Thursday, June 18, 2009
We were flying: I had the window, Spouse had an aisle seat- our respective particular preferences- and there was an empty seat between.
The person in front of me reclined her own seat suddenly and with such force that my water cup, empty on the opened tray table, flipped upside down. I was furious, livid, imagining the consequences had the vessel been full. I bubbled over with years of carefully pressed frustration. Too often I had been walloped by a thoughtless recliner who forgot that someone might be behind. I had had enough.
I reset my cup the right way up, then remarked with a loud snarl, "I think I'll put away the tray." And I did exactly that, with a shove that rocked the seat in front of me.
Spouse had a far better view of my nemesis than I did, sitting diagonally as he was from her. He was immersed in a book of Feynman's essays but looked up to see the woman plunge forward with head bobbling precariously on the stalk of her neck, then back again against the seat rest.
Spouse raised an eyebrow at me. I explained my reasons in a fast and furious whisper.
"No," I said then, just as loudly as before, "I really think I want it open." I pulled the tray down, causing the seat to tremble.
"Or should it be up?"
Each time I touched the tray, the woman lurched; and after the sixth lurch she determined to look around and find out who or what was behind the trouble. She first noticed Spouse, who was making great efforts to swallow laughter. The empty place between us gave her cause to assume we were not travelling together, so that Spouse appeared to be either a madman or, for reasons unknown, supported the individual who was shaking the seat.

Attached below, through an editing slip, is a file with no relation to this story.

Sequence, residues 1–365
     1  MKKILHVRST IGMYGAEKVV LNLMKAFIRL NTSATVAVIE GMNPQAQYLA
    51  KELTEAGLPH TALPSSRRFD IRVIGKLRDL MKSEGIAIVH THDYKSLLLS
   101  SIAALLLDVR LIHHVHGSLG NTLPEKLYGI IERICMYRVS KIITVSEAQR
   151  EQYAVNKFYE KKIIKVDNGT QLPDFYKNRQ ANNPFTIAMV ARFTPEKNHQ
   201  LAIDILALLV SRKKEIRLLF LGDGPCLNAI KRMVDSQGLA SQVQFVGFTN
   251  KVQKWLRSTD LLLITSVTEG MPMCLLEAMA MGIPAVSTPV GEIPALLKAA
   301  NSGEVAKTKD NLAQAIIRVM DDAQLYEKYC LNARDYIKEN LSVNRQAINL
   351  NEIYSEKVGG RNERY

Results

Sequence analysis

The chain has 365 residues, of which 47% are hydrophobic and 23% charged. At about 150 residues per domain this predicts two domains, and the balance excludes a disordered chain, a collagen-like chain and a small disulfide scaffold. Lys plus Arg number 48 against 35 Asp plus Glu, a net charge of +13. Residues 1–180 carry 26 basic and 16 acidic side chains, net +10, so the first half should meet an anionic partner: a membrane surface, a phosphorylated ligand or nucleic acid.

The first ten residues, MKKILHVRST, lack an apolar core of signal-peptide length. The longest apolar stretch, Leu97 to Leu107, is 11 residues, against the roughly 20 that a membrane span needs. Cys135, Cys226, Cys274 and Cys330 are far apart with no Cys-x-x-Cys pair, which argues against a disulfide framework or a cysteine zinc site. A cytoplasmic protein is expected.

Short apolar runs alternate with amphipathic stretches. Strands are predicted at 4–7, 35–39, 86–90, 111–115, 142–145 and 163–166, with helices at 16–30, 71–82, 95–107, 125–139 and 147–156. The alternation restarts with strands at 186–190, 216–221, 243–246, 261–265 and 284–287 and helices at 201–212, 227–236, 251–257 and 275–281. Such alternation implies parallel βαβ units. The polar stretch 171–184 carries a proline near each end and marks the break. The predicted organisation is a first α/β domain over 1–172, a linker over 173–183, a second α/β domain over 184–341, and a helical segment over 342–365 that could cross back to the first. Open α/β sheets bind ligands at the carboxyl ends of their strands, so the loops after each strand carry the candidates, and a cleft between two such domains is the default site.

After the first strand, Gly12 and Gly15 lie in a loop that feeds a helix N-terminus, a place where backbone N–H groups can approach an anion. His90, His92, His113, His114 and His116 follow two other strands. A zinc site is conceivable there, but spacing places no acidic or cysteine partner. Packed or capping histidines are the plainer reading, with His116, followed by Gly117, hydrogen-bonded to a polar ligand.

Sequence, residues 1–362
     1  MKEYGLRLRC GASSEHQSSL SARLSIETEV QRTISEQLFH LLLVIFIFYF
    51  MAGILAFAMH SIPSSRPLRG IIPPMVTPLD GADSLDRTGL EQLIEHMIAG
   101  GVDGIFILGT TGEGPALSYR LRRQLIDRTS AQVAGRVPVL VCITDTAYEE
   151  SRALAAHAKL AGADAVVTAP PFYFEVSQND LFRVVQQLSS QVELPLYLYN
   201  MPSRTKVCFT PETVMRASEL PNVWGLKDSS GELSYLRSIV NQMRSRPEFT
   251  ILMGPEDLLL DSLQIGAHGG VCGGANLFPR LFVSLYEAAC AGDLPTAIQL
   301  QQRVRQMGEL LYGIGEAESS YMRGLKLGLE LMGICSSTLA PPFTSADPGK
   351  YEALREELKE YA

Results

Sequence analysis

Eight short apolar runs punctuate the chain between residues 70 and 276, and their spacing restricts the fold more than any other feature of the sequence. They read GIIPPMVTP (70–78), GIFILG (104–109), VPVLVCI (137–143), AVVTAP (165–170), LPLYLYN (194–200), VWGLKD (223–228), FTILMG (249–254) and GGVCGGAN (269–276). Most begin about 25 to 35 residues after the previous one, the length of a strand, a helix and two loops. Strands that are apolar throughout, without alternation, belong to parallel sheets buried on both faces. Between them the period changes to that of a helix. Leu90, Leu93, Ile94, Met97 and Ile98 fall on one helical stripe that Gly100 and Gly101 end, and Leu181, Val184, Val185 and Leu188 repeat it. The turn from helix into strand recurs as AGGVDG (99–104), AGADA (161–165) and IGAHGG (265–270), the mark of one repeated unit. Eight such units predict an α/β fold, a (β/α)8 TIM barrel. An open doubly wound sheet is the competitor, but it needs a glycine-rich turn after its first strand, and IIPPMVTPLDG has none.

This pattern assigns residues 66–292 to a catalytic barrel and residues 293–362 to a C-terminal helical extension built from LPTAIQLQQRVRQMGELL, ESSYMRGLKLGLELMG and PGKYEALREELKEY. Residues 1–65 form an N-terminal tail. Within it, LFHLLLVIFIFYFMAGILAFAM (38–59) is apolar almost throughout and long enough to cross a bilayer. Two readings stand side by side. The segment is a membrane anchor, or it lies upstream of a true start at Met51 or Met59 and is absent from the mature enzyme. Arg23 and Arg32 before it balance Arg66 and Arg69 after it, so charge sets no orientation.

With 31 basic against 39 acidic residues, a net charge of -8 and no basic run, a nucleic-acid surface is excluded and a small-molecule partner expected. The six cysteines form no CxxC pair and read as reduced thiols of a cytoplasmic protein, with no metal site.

I leaned forward and spoke to her, softly to begin with.
"You turned my cup upside down."
"I did? But- but I did not do anything!"
She sounded as though she believed it, too.
"You threw your seat back a few minutes ago. I'm behind you. There's always someone behind you when you fly. You have to be careful, and have a bit of respect." I had wanted for years to say those words to a fellow passenger.
She was flabbergasted.
"But I did nothing!"
"No- you did. You definitely did. My cup was upside down. If there had been water in it it would be all over the place. Or what if my meal had been on the tray? Think about it."
"But I did not do it!"
"Nobody else did it. You did it. You turned my cup upside down."
Thus satisfied, I folded my arms and settled down for a comfortable flight.
At last she turned to her companions with a whimper: "but I did not do anything!" and she cast one more furtive glance at Spouse, who could not, try as he might, climb into his book and escape from her line of vision.
Posted by Phyllis Hunt McGowan at 6:50 PM